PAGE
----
In today’s world of TV and ipods talking to our children seems like dealing with a traffic jam. There is always something they are doing that to them, is much cooler than listening to their parents.
There’s no question that children are influenced by the world’s trends. Parents are forever under pressure to help their children deal with issues concerning drugs, sexuality, television, video games, the Internet, terrorism and wars. This has made raising a child probably one of the toughest jobs one has to do.
Alice and Martin Buhija, parents of teenage twins have come to terms with the challenges of bringing up the girls.
“Their questions are always changing as they grow. We talk to them about different topics when the questions come up,” Buhija said, “…the other day they asked about sex for the first time and we had to talk to them. It was hard but we knew we had to do it.”
For other parents it’s not as easy as this. Jolly Mutesi is a single mother who said that bringing up her son alone has been hard.
“There are so many things I want to tell my son. Since he is a boy, sometimes he is not comfortable when I talk to him. His uncle has become his father figure and so when those tough questions come up, I just send him to his uncle for a chat” said Mutesi.
Children growing up in today’s world are continually bombarded with mixed messages about the changes they go through. Consequently, parents have left their children’s upbringing in the hands of the school system.
Virginia Nyambura, a teacher explains that parents expect their children to be taught and advised by their teachers, yet they don’t realise that their input is also very crucial.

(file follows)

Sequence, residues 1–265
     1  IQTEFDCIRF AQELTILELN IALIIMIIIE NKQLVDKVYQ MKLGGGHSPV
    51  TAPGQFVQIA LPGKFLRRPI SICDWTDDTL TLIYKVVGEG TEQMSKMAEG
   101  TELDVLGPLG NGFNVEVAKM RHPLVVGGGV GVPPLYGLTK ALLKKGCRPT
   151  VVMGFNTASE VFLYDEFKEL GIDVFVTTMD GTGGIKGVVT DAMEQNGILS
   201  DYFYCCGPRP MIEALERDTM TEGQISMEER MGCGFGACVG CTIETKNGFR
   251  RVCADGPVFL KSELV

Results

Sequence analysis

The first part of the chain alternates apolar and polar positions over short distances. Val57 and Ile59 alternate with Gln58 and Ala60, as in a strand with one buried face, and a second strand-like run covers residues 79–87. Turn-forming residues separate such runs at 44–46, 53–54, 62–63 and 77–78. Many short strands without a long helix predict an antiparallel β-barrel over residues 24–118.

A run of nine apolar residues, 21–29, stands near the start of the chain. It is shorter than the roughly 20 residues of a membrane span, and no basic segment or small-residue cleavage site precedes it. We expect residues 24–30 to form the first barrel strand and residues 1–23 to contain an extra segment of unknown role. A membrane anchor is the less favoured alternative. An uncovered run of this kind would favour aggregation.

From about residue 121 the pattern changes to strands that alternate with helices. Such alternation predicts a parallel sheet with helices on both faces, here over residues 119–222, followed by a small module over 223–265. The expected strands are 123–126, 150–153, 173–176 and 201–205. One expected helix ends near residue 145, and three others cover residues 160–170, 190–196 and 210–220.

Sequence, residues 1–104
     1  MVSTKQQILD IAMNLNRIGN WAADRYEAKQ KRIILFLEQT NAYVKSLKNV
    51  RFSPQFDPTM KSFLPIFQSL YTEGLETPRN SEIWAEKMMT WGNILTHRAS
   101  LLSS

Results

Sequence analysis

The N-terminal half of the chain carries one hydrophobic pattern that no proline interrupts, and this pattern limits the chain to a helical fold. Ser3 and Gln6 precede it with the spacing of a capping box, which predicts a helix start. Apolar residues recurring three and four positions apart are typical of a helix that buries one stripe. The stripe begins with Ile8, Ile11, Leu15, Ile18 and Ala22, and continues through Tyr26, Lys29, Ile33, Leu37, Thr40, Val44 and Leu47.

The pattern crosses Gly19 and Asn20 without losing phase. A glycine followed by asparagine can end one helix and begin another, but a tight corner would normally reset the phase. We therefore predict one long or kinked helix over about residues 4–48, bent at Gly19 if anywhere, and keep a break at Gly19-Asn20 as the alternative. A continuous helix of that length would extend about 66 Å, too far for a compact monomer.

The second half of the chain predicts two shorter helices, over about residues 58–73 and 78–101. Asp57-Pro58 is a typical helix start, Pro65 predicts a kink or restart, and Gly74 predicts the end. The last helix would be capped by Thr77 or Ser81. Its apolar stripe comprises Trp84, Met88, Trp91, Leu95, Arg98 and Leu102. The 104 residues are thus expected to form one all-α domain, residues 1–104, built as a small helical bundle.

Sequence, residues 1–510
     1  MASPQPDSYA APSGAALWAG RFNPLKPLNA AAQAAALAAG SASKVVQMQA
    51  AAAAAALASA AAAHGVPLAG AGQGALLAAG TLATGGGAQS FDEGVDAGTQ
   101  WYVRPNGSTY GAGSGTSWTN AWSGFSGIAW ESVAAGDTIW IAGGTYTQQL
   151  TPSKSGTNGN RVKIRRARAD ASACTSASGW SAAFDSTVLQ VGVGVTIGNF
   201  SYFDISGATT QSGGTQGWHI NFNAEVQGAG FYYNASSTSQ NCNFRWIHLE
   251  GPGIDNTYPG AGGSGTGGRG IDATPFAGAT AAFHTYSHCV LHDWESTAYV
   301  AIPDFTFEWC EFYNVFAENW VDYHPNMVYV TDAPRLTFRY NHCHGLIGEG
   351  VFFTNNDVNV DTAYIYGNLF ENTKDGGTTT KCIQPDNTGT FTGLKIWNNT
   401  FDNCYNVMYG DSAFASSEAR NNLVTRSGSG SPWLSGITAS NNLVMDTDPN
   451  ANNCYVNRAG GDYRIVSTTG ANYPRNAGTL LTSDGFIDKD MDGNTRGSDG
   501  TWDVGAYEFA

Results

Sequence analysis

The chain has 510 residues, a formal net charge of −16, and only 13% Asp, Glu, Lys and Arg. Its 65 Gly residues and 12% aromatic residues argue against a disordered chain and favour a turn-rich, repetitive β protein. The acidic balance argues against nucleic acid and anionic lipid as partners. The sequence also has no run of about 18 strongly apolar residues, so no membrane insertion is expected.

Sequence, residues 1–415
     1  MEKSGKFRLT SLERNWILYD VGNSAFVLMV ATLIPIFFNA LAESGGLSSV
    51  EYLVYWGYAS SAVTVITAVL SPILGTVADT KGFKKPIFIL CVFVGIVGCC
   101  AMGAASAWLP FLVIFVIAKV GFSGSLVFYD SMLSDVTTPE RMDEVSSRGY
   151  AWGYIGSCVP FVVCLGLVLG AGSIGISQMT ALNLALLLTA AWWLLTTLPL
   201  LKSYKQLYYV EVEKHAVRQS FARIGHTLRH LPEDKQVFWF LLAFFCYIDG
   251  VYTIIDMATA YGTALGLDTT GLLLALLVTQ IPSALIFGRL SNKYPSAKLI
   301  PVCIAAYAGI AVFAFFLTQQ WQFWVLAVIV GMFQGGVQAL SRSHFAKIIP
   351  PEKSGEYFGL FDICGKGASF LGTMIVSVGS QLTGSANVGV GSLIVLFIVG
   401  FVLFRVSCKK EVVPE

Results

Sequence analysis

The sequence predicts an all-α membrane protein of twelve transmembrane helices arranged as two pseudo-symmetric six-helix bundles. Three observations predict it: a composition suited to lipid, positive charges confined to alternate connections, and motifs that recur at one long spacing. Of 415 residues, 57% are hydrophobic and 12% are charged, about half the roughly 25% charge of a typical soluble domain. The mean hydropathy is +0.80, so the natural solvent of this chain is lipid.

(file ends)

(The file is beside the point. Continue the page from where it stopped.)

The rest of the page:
“During classes, children ask so many questions about so many different things that affect them and this shows that they not getting answers from home. The lessons are time bound and we just cannot answer all their questions,” Nyambura said.
She further cited that parents had the sole responsibility of relieving their children from confusion as they grow. This she said is by talking to them more.
This for children has called for a constant need for role models and counselors whom they can talk to when faced with problems or when they do not understand what is happening around them.
Annette Mukabahinda is a counselor who largely attributes parent’s reluctance to advice children on sex education, to the Rwandan culture.
“It’s a taboo in the Rwandan culture for parents to talk to their children about sexuality. This is the role of the aunties and uncles. As a result, parent’s silence has led children into trouble as they try to discover things all alone,” Mukabahinda said.
She added that, “Children look up to us for answers and parents need to be prepared and equipped to take on the challenge. There is no need to panic, just be honest and give them plain and clear answers.” The best way to do this, the counselor said is if the taking is done during the early ages.
“As parents we need to win our children’s trust from a young age by having continuous dialogue with them. When they see that you are comfortable with talking about things they will make you a point of reference for everything they encounter,” Mukabahinda advised.
By taking sex education as an important aspect of child development, parents need to go out of their way to reach out to their children.
The sole responsibility will be through building mutual trust and respect as well as bridging any communication gaps between parents and their children. Eventually children will not fall prey to the dangers that the world has to offer.